A majority of HB 1105’s rules went into effect Wednesday with the governor’s signature. Several months from now, the Georgia Department of Corrections and local detention centers will be required to publish reports tracking undocumented immigrants.

Starting January 1, supervisors of county jails and municipal detention facilities must post quarterly reports accounting for incarcerated foreign-born inmates.

Additionally, HB 1105 requires the Georgia Department of Corrections to begin in October publishing reports on its website every 90 days an accounting of the immigration status, offenses, and home countries of inmates who are not U.S. citizens.

New law adds 18 misdemeanors requiring cash bail

Kemp also signed a new law on Wednesday that criminal justice reform advocates contend will result in more overcrowding in jails for people unable to afford bail and force many others to spend more time locked up before they can appear before a judge.

Under the law, a suspect is required to put up a specified amount of money or property as collateral if they are charged with a state crime punishable by jail or prison time. Supporters say the bill intends to curb the number of people who don’t show up to court and are more likely to reoffend after being released from jail on a signature bond.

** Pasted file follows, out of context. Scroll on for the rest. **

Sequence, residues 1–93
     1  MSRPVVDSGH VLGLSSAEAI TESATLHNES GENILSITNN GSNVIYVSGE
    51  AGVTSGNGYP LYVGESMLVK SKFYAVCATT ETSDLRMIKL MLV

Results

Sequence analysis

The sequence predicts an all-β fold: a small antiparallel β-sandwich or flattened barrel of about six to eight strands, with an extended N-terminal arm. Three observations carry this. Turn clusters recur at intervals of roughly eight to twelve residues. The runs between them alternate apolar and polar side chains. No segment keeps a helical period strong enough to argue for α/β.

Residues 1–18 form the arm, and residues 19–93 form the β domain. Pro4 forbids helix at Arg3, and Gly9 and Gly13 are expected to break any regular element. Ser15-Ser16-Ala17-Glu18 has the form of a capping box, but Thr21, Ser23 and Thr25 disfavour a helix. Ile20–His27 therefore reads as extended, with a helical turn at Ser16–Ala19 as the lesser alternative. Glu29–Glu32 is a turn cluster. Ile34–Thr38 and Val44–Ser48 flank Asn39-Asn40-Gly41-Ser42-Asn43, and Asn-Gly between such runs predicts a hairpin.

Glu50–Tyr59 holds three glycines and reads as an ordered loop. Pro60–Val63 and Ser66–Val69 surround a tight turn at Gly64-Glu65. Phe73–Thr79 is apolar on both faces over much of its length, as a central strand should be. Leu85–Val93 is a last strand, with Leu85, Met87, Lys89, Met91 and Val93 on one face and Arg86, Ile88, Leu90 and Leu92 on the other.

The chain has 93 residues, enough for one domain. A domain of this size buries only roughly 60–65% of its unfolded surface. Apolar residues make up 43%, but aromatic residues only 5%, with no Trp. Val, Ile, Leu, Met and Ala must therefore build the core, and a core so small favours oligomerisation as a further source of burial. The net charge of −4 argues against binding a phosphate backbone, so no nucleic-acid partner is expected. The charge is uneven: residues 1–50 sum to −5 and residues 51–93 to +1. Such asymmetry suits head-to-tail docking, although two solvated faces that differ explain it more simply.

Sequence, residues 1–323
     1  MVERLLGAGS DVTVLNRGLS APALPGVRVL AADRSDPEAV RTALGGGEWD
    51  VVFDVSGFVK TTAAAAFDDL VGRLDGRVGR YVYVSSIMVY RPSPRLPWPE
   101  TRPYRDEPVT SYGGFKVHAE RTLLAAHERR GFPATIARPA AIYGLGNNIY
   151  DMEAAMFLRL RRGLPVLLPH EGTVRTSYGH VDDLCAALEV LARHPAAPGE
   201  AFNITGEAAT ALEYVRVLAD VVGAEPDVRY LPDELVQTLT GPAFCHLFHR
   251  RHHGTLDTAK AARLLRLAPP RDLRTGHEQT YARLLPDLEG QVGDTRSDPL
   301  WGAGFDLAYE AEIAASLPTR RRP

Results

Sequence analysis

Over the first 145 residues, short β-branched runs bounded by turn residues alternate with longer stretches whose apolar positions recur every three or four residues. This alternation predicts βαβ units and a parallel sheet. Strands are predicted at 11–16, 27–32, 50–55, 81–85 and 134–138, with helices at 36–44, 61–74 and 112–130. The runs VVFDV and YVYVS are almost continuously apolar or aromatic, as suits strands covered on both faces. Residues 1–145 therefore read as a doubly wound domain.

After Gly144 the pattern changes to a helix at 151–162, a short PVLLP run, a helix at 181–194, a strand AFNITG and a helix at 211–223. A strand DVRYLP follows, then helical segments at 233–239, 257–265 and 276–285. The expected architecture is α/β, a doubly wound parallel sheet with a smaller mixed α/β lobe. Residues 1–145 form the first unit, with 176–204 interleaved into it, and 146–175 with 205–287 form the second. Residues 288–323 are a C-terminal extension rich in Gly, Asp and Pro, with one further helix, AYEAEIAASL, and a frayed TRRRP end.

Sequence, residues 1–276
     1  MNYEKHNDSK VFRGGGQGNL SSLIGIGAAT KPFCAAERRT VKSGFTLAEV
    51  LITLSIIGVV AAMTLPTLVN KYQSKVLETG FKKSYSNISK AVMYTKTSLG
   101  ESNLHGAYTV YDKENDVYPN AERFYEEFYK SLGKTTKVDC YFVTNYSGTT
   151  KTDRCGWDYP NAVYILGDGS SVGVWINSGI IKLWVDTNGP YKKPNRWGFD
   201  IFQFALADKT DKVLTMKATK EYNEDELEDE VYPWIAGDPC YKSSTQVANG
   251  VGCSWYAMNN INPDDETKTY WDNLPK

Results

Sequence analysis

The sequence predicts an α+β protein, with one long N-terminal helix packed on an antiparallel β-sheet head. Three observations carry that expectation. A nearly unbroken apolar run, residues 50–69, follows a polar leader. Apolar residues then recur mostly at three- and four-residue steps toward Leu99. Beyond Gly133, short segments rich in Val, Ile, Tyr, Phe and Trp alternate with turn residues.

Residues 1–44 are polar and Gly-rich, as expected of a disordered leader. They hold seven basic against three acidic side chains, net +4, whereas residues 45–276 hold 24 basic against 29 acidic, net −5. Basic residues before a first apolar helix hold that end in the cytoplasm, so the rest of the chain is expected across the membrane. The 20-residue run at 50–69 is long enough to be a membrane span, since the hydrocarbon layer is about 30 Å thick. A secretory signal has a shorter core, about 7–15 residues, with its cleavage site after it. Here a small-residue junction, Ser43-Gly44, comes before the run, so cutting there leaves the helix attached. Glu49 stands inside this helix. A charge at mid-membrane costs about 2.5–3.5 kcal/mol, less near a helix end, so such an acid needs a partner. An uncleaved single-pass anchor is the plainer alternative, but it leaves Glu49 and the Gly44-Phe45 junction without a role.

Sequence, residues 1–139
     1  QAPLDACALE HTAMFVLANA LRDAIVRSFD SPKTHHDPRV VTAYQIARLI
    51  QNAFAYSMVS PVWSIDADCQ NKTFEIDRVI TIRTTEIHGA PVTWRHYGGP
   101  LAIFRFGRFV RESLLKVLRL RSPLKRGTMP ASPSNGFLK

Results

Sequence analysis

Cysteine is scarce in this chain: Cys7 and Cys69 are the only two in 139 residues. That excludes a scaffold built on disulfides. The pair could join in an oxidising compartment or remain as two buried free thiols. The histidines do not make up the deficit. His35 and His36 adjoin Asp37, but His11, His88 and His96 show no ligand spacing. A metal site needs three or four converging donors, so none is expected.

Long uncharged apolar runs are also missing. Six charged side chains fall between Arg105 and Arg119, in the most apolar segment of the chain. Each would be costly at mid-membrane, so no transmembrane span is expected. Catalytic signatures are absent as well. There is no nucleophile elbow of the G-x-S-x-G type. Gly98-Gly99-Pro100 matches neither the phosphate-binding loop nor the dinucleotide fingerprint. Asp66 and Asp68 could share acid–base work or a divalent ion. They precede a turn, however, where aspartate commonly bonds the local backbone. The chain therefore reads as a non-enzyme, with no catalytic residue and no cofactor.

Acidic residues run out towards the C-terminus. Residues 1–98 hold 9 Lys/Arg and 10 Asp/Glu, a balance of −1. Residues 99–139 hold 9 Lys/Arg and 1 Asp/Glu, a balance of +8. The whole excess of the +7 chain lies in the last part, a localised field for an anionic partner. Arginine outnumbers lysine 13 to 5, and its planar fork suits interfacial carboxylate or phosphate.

The new law means that a cash bail will be required for 30 additional charges, including  18 misdemeanors such as theft by taking, criminal trespass and forgery.

In Georgia, a judge has the discretion to determine the amount of bail by taking into account an individual’s ability to pay.

The legislation has been criticized as a Republican-backed measure that runs counter to the strides made reforming Georgia’s criminal justice system under former GOP Gov. Nathan Deal.

The American Civil Liberties Union of Georgia said the bill creates a two-tiered justice system based on wealth. “SB 63 is cruel, costly, and counterproductive,” the ACLU said in a statement. “Research shows that sweeping people into incarceration only increases crime and taxpayer costs, and yet Georgia locks up a higher percentage of its people than any other state in the country. SB 63 doubles down on that position, forcing even more people to languish in jail because they are poor or mentally ill.”

The bill also bans charities, corporations and individuals from donating to cash bail funds more than three times a year unless they register as a bail bond company.

Advocates for criminal justice reform say new restrictions on cash bail funds benefit a lucrative bail bond industry that keeps bail fees even after charges are dismissed or a person is cleared of guilt.